Even I have my limits. Every time I opened the top freezer door, two quarts of dark blue/purple Oregon grape berries (Mohonia nervosa) peered out at me, reminding me that I hadn't kept my promise.
On a lark, we'd picked them last fall on Mt. Hood, where the 2' high plants were growing in abundance across from a favorite white chanterelle spot. They were so easy to pick; they virtually fall off the stem and into our buckets. I had placed the washed berries in plastic quart containers and frozen them upon our return to Port Orford, mentally committing to make them into jelly at my earliest opportunity. Days stretched into weeks as other priorities screamed louder. And every time I opened that freezer door, I was reminded of my procrastination.
Saturday, I just couldn't stand it any longer. Out came the berries.
As a volunteer Master Food Preserver with Oregon State University, I naturally looked to OSU's leaflet, Preserving Foods: Wild Berries & Fruits, SP 50-536 for a recipe. Imagine my consternation when the instructions said to leave the berries on their stems! We hadn't done that. I made a few phone calls and sent a couple of e-mails but no one seemed to know why it was important to process the berries with their stems intact. I proceeded to prepare the Oregon Grape Jelly recipe found in SP 50-536 without including their stems and the final product was fabulous! The jelly is extraordinary - it's unique taste could be likened to an incredibly rich and intense blackberry flavor with citrus, spicy undertones. We've tried the jelly on waffles and on toast, and the flavor of the jelly just exploded on our tongues.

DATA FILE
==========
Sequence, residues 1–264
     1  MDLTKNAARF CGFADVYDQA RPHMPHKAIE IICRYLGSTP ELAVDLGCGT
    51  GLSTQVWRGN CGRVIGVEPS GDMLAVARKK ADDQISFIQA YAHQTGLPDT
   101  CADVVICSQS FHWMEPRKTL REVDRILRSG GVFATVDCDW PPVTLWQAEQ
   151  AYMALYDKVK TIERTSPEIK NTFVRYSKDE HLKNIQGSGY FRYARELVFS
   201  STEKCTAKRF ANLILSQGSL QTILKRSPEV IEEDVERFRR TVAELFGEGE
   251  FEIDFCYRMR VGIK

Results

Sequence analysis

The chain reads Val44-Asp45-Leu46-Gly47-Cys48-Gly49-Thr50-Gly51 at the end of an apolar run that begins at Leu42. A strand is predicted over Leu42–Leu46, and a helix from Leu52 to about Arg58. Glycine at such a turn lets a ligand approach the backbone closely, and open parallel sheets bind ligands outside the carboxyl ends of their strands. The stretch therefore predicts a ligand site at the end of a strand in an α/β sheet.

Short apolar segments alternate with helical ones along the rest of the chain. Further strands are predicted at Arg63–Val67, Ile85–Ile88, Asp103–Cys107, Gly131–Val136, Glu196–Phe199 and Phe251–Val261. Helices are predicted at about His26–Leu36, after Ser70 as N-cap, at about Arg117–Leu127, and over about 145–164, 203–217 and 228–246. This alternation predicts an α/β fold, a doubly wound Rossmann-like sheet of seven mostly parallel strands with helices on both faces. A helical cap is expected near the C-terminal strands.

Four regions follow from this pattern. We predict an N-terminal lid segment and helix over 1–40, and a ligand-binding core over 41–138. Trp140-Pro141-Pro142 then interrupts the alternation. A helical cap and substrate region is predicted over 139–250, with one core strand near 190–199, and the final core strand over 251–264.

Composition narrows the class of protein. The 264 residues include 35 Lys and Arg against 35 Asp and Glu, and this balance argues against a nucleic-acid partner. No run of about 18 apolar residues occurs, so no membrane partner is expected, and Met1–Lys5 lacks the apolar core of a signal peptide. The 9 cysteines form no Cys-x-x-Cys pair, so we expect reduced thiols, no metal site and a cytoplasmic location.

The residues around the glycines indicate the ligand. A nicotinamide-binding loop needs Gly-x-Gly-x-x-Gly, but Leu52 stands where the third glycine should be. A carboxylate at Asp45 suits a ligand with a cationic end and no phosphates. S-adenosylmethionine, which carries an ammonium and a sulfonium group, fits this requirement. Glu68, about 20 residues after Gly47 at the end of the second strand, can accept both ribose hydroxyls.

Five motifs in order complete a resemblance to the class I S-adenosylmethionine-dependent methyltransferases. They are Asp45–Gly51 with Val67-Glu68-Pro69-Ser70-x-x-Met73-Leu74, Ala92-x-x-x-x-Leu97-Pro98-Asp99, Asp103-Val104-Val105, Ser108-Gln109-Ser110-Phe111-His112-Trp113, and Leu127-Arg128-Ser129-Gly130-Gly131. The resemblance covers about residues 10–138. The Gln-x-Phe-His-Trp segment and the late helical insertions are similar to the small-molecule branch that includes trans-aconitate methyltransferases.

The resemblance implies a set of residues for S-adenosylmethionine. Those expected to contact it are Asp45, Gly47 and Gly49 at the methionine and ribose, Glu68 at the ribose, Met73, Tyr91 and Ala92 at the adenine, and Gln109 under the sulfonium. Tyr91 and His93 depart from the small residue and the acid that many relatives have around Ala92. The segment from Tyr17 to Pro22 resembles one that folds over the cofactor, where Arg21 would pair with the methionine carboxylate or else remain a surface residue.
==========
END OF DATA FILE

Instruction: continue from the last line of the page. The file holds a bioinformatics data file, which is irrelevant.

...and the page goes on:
Steven gives the Oregon Grape Jelly his seal of approval!